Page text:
“No, they won’t,” Jack agrees. “Still.”

Rhys frowns, runs a hand over his hair. “We’re safe though, yeah?”

“We’re safe,” Gwen assures him with a sad smile. “Nothing here but ghosts.”

Jack gets up then and goes to the window. There’s still nothing to see out there, of course, but Rhys is pretty sure that’s what Jack’s looking for right now.

“A mistake,” Jack repeats, his breath clouding up the glass.

Torchwood, muses Rhys, was built on mistakes. Jack’s life, too, come to think of it. Over the years, Rhys has picked up on a few things; dead relatives, withdrawing mentors, lost lovers and partners and teammates, falling into the wrong streams of time.

Gwen sighs from the couch, her two hands resting against the swell of her belly. She struggles to stand and brushes Rhys off when he moves to help her.

“He’d want you here,” she says, voice soft. “Ianto...he’d – if he knew it meant you were safe. That’s what he wanted.”

She puts a hand on Jack’s shoulder. It’s a private moment between them, so Rhys creeps out of the sitting area and into the kitchen. He’s been here before – rifled through the cabinets for wine glasses or tea (both of which still make up a strange shrine along with the dinner plates, cups, and tins of vegetables), set out a platter of lasagna or spag bol, looked between two men in an attempt to figure out what they were.

He rearranges the shelves so that all of the labels face out and he checks the dishes for cleanliness. The top plates are covered in chips of white paint and soot, and there’s a spider spinning its web in a mug, but the rest will do in a pinch. If they can hide out here long enough to regroup, they’ll need the salvageable foodstuffs and things to eat them on.

He hears Jack laugh. It’s a little sound, such a shadow of what once was, but it cheers Rhys all the same as he goes about his inventory. It’s a lot like spot-checking a lorry before sending it on delivery, really, and it eases him.

It’s when he’s moved on to playing with the dry tap, flicking it on and off to no avail, that the sirens begin to sound. They’re low and ominous, and he freezes. An attack or a military raid – they sound the same now, or at least they inspire the same trepidation. The fog alters the ringing so that it seems like one long, indistinguishable bellow.

He starts blowing out candles, one by one, as fast as he can. In the sitting room, Gwen and Jack do the same until they all come together by the sofa. In the last bit of flickering light, he catches Jack’s eyes – they are bright, alive and dancing.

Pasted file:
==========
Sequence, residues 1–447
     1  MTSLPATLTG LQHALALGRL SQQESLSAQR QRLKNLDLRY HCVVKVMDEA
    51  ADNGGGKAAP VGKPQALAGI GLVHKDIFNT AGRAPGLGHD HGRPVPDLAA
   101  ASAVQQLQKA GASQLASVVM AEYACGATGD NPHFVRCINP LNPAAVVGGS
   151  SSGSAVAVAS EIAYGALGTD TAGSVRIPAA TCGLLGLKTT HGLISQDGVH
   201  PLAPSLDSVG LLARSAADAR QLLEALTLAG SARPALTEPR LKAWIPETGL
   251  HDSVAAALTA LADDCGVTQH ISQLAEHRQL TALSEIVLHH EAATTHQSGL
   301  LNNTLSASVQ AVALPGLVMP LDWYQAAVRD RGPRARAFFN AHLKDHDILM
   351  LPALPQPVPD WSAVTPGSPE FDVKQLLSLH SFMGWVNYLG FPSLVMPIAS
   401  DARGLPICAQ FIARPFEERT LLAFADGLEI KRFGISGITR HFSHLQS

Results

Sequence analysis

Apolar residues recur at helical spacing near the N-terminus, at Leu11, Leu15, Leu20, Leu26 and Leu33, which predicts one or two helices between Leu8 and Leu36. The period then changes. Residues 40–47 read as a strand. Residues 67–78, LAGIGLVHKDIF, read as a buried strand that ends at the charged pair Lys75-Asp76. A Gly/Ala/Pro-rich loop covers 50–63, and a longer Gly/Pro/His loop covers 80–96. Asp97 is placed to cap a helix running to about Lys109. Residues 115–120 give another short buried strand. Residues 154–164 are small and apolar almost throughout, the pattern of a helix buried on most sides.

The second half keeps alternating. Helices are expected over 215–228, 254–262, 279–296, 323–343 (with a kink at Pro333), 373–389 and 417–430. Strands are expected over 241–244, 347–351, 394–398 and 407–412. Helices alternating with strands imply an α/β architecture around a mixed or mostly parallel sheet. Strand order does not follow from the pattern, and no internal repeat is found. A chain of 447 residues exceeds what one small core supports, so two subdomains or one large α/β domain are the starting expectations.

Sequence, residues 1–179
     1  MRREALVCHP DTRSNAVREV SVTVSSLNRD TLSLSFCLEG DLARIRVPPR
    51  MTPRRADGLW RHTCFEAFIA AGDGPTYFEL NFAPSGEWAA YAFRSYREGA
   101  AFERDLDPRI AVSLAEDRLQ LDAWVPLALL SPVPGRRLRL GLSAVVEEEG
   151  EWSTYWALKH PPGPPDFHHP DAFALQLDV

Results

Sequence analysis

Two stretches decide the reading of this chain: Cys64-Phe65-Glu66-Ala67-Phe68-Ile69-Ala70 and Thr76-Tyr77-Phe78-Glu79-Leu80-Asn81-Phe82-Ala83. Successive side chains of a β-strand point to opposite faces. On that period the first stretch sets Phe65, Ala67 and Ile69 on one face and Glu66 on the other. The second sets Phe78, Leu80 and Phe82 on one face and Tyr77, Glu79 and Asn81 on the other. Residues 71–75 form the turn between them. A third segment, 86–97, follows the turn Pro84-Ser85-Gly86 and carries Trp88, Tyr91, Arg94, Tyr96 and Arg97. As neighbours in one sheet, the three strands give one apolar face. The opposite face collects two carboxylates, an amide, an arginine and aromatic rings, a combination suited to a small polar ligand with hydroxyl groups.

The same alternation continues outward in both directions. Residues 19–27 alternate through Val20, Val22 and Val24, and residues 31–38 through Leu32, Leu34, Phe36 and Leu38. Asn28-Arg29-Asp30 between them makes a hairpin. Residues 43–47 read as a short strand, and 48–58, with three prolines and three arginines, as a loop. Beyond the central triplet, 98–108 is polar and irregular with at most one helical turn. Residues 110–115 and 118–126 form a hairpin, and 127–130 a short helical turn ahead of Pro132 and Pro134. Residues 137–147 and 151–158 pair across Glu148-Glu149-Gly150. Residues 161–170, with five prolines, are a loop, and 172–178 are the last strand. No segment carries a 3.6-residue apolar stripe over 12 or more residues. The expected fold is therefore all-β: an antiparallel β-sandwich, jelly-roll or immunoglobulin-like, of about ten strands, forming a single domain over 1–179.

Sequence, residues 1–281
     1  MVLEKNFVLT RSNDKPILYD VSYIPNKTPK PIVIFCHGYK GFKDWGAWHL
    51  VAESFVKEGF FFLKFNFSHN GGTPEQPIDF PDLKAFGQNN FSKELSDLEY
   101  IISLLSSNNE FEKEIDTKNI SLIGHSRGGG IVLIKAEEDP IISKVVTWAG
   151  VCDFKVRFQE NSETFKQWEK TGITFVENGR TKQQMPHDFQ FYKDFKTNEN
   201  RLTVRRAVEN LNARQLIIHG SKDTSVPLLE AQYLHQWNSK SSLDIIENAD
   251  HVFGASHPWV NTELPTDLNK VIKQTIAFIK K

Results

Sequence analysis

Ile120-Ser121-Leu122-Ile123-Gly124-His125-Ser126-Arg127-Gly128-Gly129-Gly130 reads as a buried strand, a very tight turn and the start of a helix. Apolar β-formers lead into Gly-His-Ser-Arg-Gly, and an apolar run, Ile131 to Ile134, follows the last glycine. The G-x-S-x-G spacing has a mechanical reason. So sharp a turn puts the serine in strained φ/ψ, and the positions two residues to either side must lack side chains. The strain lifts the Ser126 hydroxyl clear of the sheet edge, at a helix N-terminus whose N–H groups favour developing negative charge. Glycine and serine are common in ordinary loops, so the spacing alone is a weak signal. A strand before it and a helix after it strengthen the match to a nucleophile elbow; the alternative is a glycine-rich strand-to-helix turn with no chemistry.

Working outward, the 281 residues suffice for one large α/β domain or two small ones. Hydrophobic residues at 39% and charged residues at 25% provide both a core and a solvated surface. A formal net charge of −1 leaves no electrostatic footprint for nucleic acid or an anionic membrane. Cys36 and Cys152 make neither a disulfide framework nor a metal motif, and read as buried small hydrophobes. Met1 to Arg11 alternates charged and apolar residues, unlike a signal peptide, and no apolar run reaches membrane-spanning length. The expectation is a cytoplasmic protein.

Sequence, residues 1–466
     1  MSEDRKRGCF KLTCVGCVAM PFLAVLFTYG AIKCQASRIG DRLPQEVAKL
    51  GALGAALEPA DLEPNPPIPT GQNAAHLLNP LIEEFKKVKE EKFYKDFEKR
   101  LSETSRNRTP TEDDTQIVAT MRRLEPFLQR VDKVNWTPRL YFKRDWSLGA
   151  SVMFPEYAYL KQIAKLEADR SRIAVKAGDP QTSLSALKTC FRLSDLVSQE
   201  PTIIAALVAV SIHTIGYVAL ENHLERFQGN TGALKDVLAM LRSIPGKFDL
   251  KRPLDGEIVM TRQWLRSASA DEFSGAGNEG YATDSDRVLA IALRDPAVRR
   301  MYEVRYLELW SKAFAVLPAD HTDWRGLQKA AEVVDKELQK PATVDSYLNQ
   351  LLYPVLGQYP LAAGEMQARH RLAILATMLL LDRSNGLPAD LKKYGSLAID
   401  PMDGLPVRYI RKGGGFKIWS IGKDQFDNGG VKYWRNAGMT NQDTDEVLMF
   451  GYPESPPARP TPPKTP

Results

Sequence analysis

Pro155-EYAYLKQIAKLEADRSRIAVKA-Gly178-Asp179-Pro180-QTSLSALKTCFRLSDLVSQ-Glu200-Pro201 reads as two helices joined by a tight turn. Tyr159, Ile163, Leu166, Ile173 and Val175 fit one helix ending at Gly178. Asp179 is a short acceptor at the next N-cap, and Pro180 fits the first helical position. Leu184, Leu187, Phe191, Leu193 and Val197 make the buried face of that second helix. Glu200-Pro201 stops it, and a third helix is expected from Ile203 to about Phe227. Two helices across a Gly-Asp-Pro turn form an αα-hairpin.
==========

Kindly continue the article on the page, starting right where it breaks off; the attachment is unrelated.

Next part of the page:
And just like that, mistakes and ghosts are all but forgotten in the heavy dark.




3.

Title From the shadows
Word Count 698
Rating PG
Warnings Mention of canon character deaths

Rain was drifting in from the sea, chased by the wind, clinging to the wool of Jack's coat and dripping from his hair. He barely noticed, too distracted to be cold. His window of opportunity was closing fast but he had no idea if he should act. If he should execute the well thought out plan. Risk everything.

From his hiding place in the night's shadows between two buildings, Jack could see Ianto sitting in the brightly lit restaurant across the street, studying the menu. Every now and again, he checked the door or his watch. Jack knew who he was waiting for. He knew exactly when the wait would be over. He didn't have much time left. The last years had led to this very moment. After the 456, he'd left Earth, looking for the one person that could help him. He'd finally found John in the Vegas Galaxy and offered a deal for one trip with John's Vortex Manipulator.

He'd offered himself.

John had refused, just handed him the manipulator. “Now we're even.”

Jack swallowed. He knew that he'd come too far to stop now but still … his Time Agent instincts were telling him not to interfere. They were hard to ignore.

He stepped off the curb.

”Jack, don't.”

He turned around. A young man was standing there. Bright red braces, a tweed suit jacket and a bow tie. Jack didn't know him … did he? He squinted, saw something familiar in the man's eyes … ”Doctor?”

”Hello, Jack.”

He stepped towards the man. ”You're so young.”

”Older than the last time you saw me.”

Jack looked back at the restaurant and his shoulders slumped in defeat when he saw his younger self rushing through the door, giving Ianto a kiss. ”You distracted me.”

”Yes.” The Doctor stepped up next to him. ”Are you mad at me?”

”I don't think I have the energy.”

”Because you know this would have been a mistake.”

Jack looked at the Doctor in disbelief. ”How can rescuing him be a mistake?”

”He's not supposed to survive, Jack.”

Anger spread through him at the Doctor's indifference. ”That's not your decision!”

”If it was, I would rescue him.”

Jack was surprised. ”You barely know him.”

The Doctor looked at him as if he couldn't understand Jack's confusion. ”He means enough to you to contemplate upsetting time itself. That's reason enough.”

They stared towards the restaurant again, watching Ianto and the younger Jack. When Jack looked back at the Doctor, the streetlights showed him a troubled frown on the smooth face. Jack asked, ”How do you decide who to rescue? Sometimes you go out of your way, other times ...”

”It's not my decision.”

Jack stared at his younger self and Ianto. ”I was so stupid. Thinking that ...” He sighed. ”He's so strong, so brave ...”